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UEFA Coaching Convention: Setting new standards to the power of 10

Since its launch in 1998, the UEFA Coaching Convention has become a reference point for best practice coaching and coach education in European football.

Anorthosis Famagusta FC head coach Marcos Spanos leads a training session for the club’s young players at the recent UEFA Coach Education Conference in Cyprus
Anorthosis Famagusta FC head coach Marcos Spanos leads a training session for the club’s young players at the recent UEFA Coach Education Conference in Cyprus ©Sportsfile

Frank Ludolph, head of football education services at UEFA, lists the Convention’s top 10 contributions to the ever-improving technical quality of the ‘beautiful game.’

1. Helping UEFA fulfil its mission to develop football

“The convention’s mission is crystal clear – ‘setting high coach education standards to improve the quality of coach education in all UEFA member associations, with the aim of developing better coaches and, ultimately, better players and the overall quality of the game.’”

2. Increasing the number of qualified male and female coaches

“We have been able to increase the number of male and female coaches with coaching qualifications and licences that are recognised throughout Europe.”

3. Establishing a European-wide recognised licence

“A UEFA-endorsed coaching licence is considered as recognition of a coach’s quality and the level of his/her training.”

4. Raising standards to meet ever greater demands on coaches

“Since 1997, coaching standards have been raised at all levels across Europe- The game has obviously evolved, and up-to-date coach education must reflect the fact that demands on coaches are higher than ever. We’ve faced a lot of challenges – and we have been able to meet them.”

5. Introducing qualifications for goalkeeping, futsal and other specialist sectors

“Alongside core education pathways for coaches, such as the B, A and Pro Licences, we’ve introduced specialist coaching sectors and qualifications – youth coaching, futsal coaching, coaching for goalkeepers – all of which enhance the education possibilities on offer.”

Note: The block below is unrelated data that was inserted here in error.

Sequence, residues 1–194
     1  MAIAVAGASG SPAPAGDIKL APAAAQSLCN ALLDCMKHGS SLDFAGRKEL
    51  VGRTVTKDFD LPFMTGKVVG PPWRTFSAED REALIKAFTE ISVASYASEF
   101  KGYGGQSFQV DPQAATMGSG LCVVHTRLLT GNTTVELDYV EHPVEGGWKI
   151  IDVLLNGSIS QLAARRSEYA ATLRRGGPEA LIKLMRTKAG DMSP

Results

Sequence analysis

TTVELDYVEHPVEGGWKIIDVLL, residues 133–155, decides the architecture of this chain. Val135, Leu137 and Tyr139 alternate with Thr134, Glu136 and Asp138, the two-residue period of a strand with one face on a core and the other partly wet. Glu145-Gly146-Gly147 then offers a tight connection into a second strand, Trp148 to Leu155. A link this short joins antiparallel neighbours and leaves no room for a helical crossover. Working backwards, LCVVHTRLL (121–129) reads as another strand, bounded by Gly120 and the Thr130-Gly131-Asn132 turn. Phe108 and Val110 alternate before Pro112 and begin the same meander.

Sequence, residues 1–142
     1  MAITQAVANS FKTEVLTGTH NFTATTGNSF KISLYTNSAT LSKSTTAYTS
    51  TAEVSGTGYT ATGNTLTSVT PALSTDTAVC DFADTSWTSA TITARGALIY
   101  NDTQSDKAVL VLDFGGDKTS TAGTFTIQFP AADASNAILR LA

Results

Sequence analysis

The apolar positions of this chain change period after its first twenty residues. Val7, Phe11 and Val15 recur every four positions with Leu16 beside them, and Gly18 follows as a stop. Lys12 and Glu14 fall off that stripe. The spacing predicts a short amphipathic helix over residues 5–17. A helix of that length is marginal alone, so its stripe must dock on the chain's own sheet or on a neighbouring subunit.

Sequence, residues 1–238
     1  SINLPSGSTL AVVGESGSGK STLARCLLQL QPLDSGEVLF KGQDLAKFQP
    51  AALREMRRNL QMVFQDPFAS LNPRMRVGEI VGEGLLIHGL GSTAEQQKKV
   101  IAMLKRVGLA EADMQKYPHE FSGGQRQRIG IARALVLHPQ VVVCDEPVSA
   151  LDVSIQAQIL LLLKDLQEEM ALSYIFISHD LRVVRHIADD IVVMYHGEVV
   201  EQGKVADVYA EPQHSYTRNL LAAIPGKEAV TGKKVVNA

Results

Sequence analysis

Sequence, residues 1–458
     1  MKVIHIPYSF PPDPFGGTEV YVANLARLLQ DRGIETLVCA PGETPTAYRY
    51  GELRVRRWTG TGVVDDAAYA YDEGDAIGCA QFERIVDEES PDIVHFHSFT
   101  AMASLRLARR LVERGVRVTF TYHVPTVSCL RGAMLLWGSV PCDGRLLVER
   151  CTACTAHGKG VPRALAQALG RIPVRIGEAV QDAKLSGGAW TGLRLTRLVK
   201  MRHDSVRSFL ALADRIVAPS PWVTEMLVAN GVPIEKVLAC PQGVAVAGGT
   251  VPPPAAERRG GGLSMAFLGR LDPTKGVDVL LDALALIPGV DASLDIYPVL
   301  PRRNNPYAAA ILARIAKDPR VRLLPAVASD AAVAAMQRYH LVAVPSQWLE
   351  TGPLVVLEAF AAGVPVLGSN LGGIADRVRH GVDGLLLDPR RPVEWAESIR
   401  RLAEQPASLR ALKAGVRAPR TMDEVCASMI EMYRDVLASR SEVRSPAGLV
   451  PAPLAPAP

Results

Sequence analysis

6. Ensuring common coaching standards across UEFA territory

“UEFA’s convention ensures unified minimum standards of coaching to guarantee the performance quality of coaches acting on UEFA’s territory.”

7. Protecting footballers from unqualified coaches

“The comprehensive coaching licence requirements laid down in the convention protect footballers from exposure to unqualified coaches without the requisite education, who might have an effect on their physical, psychological or technical development.”

8. Promoting freedom of movement – and sharing of knowledge

“The convention promotes European integration, because it ensures mutual recognition of coaching qualifications from country to country. This brings about freedom of movement - coaches can go from one country to another to work. We always wish to comply with European law, and the convention’s provisions are fully in line with European Union jurisdiction.”

9. Giving status and credibility to the coaching profession

“There is a much stronger recognition of the coaching profession, and also of the status of the coach. We’ve been given a great deal of respect and recognition, especially from other sports, for what we are doing in this direction.”

10. Giving meaning to a vital role

“The coach educators’ work is given meaning by the convention. They may not have the highest of profiles, but they are totally essential for football’s future. As former England manager Howard Wilkinson – still involved in UEFA coach education activities – once put it, coach education is “a bit like the swan that’s gliding gracefully across the surface, but pedalling like mad underneath…‘”

 

 

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